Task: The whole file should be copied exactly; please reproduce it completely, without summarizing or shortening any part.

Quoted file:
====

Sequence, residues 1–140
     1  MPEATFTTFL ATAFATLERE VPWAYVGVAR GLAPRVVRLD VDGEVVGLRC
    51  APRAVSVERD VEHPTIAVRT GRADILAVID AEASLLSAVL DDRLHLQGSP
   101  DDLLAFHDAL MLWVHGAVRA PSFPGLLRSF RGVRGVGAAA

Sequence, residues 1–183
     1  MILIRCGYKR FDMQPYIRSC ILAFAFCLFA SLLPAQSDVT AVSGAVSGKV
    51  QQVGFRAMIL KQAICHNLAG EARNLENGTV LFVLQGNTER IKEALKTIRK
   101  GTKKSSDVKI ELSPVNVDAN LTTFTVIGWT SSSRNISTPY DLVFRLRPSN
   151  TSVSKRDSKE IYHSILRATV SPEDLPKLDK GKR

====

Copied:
Sequence, residues 1–140
     1  MPEATFTTFL ATAFATLERE VPWAYVGVAR GLAPRVVRLD VDGEVVGLRC
    51  APRAVSVERD VEHPTIAVRT GRADILAVID AEASLLSAVL DDRLHLQGSP
   101  DDLLAFHDAL MLWVHGAVRA PSFPGLLRSF RGVRGVGAAA

Sequence, residues 1–183
     1  MILIRCGYKR FDMQPYIRSC ILAFAFCLFA SLLPAQSDVT AVSGAVSGKV
    51  QQVGFRAMIL KQAICHNLAG EARNLENGTV LFVLQGNTER IKEALKTIRK
   101  GTKKSSDVKI ELSPVNVDAN LTTFTVIGWT SSSRNISTPY DLVFRLRPSN
   151  TSVSKRDSKE IYHSILRATV SPEDLPKLDK GKR